SANTIAGO – Thomas Keller could hardly have chosen a more challenging moment to take over as CEO of Chile’s Codelco.
The 55 year-old stepped into the job on June 1 after his predecessor Diego Hernandez quit due to tensions with the board. Keller’s first task is to oversee talks with Anglo American over the two companies’ disputed ownership of Anglo American Sur (AAS). The bitter row has been rumbling on for months, and the stakes are high: The assets in question are worth $22 billion. They include the Los Bronces mine in central Chile, which has the potential to be the fifth largest copper mine in the world, and two untapped copper deposits high in the Andes mountains.
But that is not Keller’s only concern. Codelco, which is state owned, has embarked on an ambitious expansion plan at all its main divisions, designed to consolidate its position as the world’s largest copper mining company.
It is turning Chuquicamata, the biggest open pit copper mine in the world, into an underground operation. After a century of exploitation, this huge hole in the Atacama Desert, known affectionately as “Chuqui”, is proving ever less productive and needs a dramatic facelift. The upgrade won’t be complete until 2019.
A thousand kilometers further south, Codelco is starting the second phase of expansion at its Andina mine. Once completed –it is currently only at the feasibility stage– the mine is forecast to produce more than 600,000 tonnes of copper a year, well over twice its current total. It will become Codelco’s flagship project, with a working life extended to at least 2060, and it might well eclipse Escondida, in northern Chile, to become the most productive copper mine in the world.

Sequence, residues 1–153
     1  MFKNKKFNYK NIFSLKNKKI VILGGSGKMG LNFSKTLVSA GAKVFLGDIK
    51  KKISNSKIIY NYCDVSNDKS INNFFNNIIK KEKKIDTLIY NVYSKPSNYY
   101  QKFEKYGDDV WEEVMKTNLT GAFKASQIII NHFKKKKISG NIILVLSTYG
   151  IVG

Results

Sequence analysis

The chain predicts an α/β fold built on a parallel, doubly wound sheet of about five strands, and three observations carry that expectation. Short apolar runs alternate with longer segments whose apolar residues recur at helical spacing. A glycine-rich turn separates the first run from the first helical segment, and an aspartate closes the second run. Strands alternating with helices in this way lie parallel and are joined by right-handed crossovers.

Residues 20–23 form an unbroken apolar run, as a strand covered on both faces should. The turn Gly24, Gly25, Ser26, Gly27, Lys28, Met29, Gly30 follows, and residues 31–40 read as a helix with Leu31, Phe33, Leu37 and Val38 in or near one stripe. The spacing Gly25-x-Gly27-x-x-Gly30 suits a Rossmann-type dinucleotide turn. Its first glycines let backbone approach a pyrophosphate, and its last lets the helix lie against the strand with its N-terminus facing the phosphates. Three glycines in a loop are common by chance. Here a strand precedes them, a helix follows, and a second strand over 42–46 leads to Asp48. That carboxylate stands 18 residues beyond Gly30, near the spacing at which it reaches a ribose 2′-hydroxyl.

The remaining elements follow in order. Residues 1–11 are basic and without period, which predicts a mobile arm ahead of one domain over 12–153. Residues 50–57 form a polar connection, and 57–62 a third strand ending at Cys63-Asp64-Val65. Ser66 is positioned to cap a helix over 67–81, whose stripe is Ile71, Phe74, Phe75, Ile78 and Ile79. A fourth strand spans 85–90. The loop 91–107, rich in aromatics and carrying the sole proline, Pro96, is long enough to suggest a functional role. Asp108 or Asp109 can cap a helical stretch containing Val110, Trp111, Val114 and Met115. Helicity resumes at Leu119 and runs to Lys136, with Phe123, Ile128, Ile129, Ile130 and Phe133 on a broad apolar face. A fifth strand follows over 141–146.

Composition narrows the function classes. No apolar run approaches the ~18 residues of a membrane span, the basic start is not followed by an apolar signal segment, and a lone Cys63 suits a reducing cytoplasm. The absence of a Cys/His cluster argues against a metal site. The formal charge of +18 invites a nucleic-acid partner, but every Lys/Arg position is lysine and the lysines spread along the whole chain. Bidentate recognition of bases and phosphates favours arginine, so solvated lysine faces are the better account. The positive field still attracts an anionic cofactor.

Further south again, Codelco owns El Teniente, the world’s largest underground copper mine. It has been in production since 1904 and, like Chuqui, needs an overhaul. So Codelco is tunneling a second, lower level to the mine to extend its life and increase production.
In addition, the company will start production at a new mine, Ministro Hales, in the second half of next year. When it hits working capacity in 2014 it will produce 160,000 tonnes of refined copper and 300 tonnes of silver annually.
All of this, the company hopes, will cement Codelco’s leadership in the industry. It already produces 11 percent of the world’s copper and sits on millions of tonnes of reserves for future use.